Simona Halep Upset in French Open by Iga Swiatek

Simona Halep Upset in French Open by Iga Swiatek

Simona Halep Upset in French Open by Iga Swiatek

Simona Halep Upset in French Open by Iga Swiatek

The French Open women’s tournament, already a wild ride of upsets and unlikely success stories, was thoroughly disrupted on Sunday when unseeded Polish youngster Iga Swiatek upset No. 1 seed Simona Halep 6-1, 6-2 in the fourth round.

Swiatek, 19, won just one game against Halep in the fourth round in Paris last year, losing in just 45 minutes. But she was the dominant force on the red clay on Sunday, dictating play with her whipping forehand and forcing Halep to lunge repeatedly to keep pace.

It was a stunning rout and one of the most lopsided defeats of the 29-year-old Halep’s career. She had won 17 straight matches in the disrupted 2020 season and 13 straight on clay. She skipped the United States Open because of concerns about traveling during the coronavirus pandemic, and trained mainly on clay during the hiatus. She returned after a six-month break to win titles on the surface at the Prague Open and Italian Open.

On Friday, Halep overwhelmed Amanda Anisimova, the American teenager who had upset her at last year’s French Open, dominating her 6-0, 6-1 this time around. Halep appeared to be in rare form and headed for another title run, but she ended up losing to another teen at this year’s Roland Garros.

“I’m not going to ruin the whole year just for a match.” Halep said. “Of course it’s not easy to take it, but I’m used to some tough moments in this career. So I will have a chocolate and I will be better tomorrow.”

Less than an hour after Halep’s defeat, Martina Trevisan, an Italian qualifier, opened up the women’s draw even further by upsetting No. 5 seed Kiki Bertens 6-4, 6-4 in the fourth round. Trevisan, ranked 159, already had defeated American teenager Coco Gauff and No. 20 seed Maria Sakkari in the tournament. She finished in style against Bertens, whose best surface is clay, whipping a backhand topspin lob winner that landed on the baseline.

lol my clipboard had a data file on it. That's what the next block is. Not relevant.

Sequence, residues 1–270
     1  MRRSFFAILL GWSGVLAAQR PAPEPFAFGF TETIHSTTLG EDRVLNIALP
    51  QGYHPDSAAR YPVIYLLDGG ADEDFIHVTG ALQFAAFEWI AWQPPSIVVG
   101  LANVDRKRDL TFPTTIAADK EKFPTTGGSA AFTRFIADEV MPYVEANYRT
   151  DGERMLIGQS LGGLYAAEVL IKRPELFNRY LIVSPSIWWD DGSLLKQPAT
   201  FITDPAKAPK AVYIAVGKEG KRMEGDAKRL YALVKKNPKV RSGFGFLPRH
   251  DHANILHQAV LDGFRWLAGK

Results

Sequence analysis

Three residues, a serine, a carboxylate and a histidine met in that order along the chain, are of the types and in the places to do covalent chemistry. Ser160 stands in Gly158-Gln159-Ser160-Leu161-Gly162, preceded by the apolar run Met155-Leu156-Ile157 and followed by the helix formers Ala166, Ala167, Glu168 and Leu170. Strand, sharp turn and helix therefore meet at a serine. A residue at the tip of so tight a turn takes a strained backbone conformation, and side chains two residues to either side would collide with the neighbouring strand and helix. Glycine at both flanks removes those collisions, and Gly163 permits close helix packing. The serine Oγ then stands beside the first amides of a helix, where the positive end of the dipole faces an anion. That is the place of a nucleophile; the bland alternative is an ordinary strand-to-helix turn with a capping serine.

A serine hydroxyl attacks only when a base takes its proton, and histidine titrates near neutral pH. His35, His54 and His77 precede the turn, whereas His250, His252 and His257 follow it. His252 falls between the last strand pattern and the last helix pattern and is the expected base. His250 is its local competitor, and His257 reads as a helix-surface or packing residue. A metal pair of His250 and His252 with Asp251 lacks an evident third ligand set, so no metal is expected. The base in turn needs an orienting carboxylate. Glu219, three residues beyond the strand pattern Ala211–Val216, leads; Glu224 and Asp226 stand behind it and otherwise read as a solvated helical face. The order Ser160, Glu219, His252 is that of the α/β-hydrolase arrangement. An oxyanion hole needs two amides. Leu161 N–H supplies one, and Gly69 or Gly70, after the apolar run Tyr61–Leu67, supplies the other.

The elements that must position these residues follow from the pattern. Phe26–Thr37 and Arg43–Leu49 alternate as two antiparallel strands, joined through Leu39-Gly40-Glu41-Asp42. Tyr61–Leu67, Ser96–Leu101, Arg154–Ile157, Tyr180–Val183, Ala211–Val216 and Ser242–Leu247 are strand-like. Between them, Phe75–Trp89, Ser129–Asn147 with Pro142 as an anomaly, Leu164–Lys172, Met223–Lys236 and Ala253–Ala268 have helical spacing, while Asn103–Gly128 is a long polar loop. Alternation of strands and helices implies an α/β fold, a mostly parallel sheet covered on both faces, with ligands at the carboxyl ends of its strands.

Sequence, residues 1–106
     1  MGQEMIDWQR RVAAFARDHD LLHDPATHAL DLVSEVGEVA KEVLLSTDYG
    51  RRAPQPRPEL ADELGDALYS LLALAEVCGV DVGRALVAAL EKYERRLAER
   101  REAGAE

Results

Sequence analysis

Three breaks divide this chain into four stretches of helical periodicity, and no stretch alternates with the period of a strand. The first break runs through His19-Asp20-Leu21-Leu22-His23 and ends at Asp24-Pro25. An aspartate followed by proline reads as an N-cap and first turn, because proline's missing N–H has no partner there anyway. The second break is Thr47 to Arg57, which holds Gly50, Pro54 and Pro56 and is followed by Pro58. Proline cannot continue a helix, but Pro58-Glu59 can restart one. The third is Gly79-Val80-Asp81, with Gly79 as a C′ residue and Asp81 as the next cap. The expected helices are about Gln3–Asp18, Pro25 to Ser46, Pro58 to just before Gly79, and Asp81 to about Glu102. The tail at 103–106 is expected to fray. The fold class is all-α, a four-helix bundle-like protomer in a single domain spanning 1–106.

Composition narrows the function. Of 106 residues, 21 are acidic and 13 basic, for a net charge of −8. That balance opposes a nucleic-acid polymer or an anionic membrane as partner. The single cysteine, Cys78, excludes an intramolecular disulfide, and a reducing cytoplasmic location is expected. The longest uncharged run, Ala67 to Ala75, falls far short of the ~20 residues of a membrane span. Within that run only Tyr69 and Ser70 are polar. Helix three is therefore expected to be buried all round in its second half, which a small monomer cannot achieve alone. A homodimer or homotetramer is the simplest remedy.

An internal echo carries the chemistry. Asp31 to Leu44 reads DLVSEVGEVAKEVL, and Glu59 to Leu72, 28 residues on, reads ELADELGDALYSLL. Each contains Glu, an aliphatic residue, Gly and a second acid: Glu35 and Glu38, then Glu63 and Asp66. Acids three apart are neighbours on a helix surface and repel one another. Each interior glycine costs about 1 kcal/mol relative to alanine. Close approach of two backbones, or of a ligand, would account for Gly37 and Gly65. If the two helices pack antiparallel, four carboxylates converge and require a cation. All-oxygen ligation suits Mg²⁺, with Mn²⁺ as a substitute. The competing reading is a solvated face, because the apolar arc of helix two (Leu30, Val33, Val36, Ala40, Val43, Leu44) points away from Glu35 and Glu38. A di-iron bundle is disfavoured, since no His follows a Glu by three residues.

“I’m living a dream, it’s true,” Trevisan said. “I came here two weeks ago to play my qualifying, but today I’m here in the quarterfinals. So oh my God, I can’t believe it.”

This French Open, postponed from its traditional dates in May and June because of the health crisis, was missing key women’s players from the start. Ashleigh Barty, last year’s singles champion who is still ranked No. 1, is riding out the pandemic at home in Brisbane, Australia, after deciding to skip the remainder of the 2020 season. Naomi Osaka, who won the United States Open last month, withdrew from Roland Garros, explaining that the tight, two-week gap did not leave her enough time to recover from a hamstring injury.

But after eight days of play, the women’s tournament is now missing most of its leading players, including Serena Williams, who withdrew with an Achilles’ tendon injury before the second round. Halep’s defeat guarantees that there will be a first-time French Open women’s champion and leaves No. 3 seed Elina Svitolina as the top remaining women’s seed, but Svitolina has yet to reach a Grand Slam singles final. Only four of the 32 seeds remain in the draw: No. 4 Sofia Kenin, No. 7 Petra Kvitova and No. 30 Ons Jabeur.

Not one quarterfinalist from this year’s U.S. Open is still in contention; Kenin and Kvitova both lost in the fourth round in New York.

Swiatek’s father, Tomasz, was an Olympic rower who competed for Poland at the 1988 Summer Games in Seoul. Their last name is regularly mispronounced on the women’s tennis circuit: she politely suggests Shvee-ON-tek.

But she certainly made a name for herself on Sunday. “Even I am surprised that I can do that,” Swiatek said after closing out the victory and burying her head in a towel in her courtside seat.

Swiatek played high-risk tennis in the cool, heavy conditions, finishing with 30 winners and 20 unforced errors.

Halep won the 2018 French Open and followed that up by defeating Williams to win Wimbledon in 2019. Though she could certainly have played better on Sunday — she often failed to hit her balls deep enough, which let Swiatek tee off — Halep did not play poorly. Above all, the 54th-ranked Swiatek rose to the big occasion: competing with genuine swagger.

“All the credit to her,” Halep said. “She played unbelievable today, and she was everywhere. She hit all the balls in: very strong, very powerful. It was a little bit cold, and I couldn’t be at my best, but, yeah, she played really well and it was her match today.”


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